Embry-Riddle President Unveils New Strategic Plan

President Butler poses with students.
Kicking Off Another Great Year: Embry-Riddle President P. Barry Butler joins Daytona Beach Student Government Association President Evgeniia Egorova (at left) and Vice President Kathleen Perry, at the 2023 State of the University Address. (Photo: Embry-Riddle/David Massey)

Embry-Riddle Aeronautical University’s new five-year strategic plan, unveiled this month by President P. Barry Butler, Ph.D. during his annual State of the University address, places renewed emphasis on student retention, scholarship funding and enrollments to specific areas such as graduate programs.

During three presentations – for Embry-Riddle’s Daytona Beach, Florida; Prescott, Arizona; and Worldwide campuses – Dr. Butler outlined highlights from the past year and set forth his vision for the future.

In opening the Daytona Beach event, Board of Trustees Chairman Mori Hosseini, an alumnus and supporter since the 1990s, said that Embry-Riddle “is in the best shape it has ever been in its history.”

The university’s 2023-2028 strategic plan aims for even greater heights. Dr. Butler stressed that teamwork will be essential for advancing the university’s goals across five key areas: The Student Experience, Enrollment Management, Academic and Faculty Success, Research and Innovation, and Philanthropy and Alumni Engagement.

“We’re all a part of this,” Dr. Butler said. “We all need to be moving toward what we have defined as success.”

Embry-Riddle’s success starts with its students, he added. “Think about how you can contribute to our vision for 2028 – as an individual, as a unit or department, or as an entire campus,” he said. “You’re the reason we’re so successful.”

Celebrating Key Achievements

Embry-Riddle performs well across most areas, including financial strength, infrastructure, undergraduate enrollments, funded research, state support, strategic communications, faculty hiring and the Research Park’s success in driving innovation to create high-paying jobs. Most of the goals outlined in a prior five-year plan, completed this year, were met, Dr. Butler reported.

Enrollment remains robust overall: Embry-Riddle’s two residential campuses currently serve about 11,500 enrolled students, including 1,300 ROTC students and 720 “scholar athletes,” he said. Those students contributed a combined 42,761 hours of volunteer service over the past year. The Worldwide Campus serves 20,000 enrolled students, with 50% being active military members.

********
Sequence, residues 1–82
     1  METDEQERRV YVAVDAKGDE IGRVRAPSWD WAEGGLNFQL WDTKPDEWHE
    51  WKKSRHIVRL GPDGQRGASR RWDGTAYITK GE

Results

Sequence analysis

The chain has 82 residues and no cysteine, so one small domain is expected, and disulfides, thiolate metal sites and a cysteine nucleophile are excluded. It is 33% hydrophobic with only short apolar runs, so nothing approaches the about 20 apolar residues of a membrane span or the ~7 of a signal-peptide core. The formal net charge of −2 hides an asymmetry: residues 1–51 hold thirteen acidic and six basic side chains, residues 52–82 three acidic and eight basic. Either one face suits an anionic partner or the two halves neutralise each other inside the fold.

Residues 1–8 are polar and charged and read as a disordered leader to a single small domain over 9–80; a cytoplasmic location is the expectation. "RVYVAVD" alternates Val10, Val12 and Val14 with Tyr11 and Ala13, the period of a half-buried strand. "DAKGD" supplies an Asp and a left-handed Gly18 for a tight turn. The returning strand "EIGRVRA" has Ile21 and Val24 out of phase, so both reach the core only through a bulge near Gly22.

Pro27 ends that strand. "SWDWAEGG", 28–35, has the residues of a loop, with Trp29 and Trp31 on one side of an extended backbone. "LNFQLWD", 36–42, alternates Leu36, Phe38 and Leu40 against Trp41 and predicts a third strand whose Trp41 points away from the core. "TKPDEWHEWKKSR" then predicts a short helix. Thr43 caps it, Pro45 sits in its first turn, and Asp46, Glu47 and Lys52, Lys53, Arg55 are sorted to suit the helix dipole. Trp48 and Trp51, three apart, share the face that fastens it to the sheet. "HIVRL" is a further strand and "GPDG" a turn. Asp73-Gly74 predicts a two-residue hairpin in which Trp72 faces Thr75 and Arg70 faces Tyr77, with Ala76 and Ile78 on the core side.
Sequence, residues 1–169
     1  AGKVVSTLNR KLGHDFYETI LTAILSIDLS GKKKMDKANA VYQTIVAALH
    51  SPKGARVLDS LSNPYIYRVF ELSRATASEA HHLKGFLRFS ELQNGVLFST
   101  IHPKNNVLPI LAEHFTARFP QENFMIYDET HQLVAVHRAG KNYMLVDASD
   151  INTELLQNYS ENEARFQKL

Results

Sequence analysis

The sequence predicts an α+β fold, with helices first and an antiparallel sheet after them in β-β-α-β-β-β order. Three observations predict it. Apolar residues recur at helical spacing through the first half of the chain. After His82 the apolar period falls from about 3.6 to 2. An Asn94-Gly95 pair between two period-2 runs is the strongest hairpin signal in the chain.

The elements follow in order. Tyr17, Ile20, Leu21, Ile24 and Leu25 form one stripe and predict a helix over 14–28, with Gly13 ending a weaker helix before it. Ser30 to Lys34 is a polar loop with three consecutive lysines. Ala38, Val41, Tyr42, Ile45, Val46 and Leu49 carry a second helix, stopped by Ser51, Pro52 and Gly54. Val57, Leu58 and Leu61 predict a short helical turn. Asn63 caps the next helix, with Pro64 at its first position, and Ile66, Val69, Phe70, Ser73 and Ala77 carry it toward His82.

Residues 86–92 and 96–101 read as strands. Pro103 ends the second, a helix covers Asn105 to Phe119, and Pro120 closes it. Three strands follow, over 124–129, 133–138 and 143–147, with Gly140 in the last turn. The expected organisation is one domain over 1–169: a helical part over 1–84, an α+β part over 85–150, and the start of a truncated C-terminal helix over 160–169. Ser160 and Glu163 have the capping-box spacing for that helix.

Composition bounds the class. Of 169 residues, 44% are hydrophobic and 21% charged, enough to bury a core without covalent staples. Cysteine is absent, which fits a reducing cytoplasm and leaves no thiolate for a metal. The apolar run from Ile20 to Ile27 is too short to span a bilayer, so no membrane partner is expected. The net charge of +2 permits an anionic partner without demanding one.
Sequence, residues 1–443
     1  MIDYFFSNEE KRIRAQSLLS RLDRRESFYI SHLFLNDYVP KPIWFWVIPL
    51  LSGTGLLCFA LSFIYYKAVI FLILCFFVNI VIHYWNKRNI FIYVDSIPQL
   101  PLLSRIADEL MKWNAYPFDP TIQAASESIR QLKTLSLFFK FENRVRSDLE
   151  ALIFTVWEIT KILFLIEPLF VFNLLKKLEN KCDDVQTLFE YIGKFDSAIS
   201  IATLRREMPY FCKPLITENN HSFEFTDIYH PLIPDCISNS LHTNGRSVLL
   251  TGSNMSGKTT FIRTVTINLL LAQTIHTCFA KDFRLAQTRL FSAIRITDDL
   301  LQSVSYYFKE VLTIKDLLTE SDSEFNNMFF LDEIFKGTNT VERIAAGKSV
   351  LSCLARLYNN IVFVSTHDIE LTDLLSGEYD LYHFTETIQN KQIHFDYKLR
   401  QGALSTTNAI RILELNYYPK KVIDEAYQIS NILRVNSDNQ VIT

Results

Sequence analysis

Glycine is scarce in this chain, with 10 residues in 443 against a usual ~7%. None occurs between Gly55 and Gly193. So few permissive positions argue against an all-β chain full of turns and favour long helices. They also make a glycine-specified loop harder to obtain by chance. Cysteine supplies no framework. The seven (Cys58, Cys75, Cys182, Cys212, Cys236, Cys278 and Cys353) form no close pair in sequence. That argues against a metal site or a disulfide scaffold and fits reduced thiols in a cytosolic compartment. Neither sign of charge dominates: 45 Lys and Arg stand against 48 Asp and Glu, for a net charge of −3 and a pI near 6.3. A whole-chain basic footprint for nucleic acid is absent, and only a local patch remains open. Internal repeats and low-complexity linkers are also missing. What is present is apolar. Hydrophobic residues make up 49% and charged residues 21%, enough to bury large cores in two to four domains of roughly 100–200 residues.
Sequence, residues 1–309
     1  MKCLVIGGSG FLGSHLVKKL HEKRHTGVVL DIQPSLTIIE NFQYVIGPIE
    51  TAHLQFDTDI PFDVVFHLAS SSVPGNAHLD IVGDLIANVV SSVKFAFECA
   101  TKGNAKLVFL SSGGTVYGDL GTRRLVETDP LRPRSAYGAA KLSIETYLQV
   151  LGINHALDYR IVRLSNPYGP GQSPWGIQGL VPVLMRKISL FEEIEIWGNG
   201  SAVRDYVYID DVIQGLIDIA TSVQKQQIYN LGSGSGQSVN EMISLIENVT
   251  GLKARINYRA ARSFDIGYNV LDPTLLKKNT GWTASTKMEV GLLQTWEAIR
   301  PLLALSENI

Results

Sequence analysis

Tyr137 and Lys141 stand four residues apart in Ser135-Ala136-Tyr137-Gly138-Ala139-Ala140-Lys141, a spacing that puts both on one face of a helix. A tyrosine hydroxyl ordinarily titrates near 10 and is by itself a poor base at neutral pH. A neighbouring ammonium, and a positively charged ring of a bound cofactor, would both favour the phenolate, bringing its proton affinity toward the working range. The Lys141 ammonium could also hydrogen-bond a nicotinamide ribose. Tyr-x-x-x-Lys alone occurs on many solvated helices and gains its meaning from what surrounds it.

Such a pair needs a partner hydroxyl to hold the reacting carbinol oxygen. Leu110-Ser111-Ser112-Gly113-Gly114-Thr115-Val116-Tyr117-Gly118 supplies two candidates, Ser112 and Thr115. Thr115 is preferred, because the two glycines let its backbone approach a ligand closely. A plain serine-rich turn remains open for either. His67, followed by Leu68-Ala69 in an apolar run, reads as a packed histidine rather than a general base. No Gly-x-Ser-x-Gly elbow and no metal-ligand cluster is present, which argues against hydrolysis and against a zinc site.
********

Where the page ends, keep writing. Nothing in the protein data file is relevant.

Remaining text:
A premier aviation and aerospace institution, Embry-Riddle’s two Flight departments, which maintain a fleet of about 180 aircraft, tallied 198,845 flight or simulation hours, handed out 2,138 certifications and rankings, and completed 264,343 landings this past year, Dr. Butler shared.

The university has seen a 70% growth in revenue over the past 10 years, too. The State of Florida invested $28 million in Embry-Riddle in fiscal year (FY) 2022, and the university’s Philanthropy team raised $21 million. Chairman Hosseini attributed the university’s robust standing to the hard work and dedication of faculty, staff and leadership.

Dr. Butler agreed, adding that the university is making strategic investments in people, programs and infrastructure. Employee salaries, wages and benefits rose by 42.6% between FY 2012 and FY 2024, and they exceed the Consumer Price Index for all Urban Consumers (CPI-U) as well as a key industry benchmark, the College and University Professional Association (CUPA-HR).

Since fiscal year 2013, Embry-Riddle has grown from 360 faculty members to nearly 600, for fiscal year 2024. In recent months, the university also welcomed new leadership in key areas, including Dr. Kelly M. Austin, senior vice president for academic affairs and provost; Kelly Dowling, senior vice president for Philanthropy and Alumni Engagement; and Dr. Dietmar Rempfer, dean of the College of Engineering at the Prescott Campus.

The university has made $663 million in capital investments over the past 10 years, Dr. Butler added. For FY 2014 through FY 2027, the Board of Trustees has invested approximately $1 billion in capital investments. Improvements either underway or on the horizon include an ambitious modernization plan at the Prescott Campus, more on-campus housing and funded projects at the Research Park.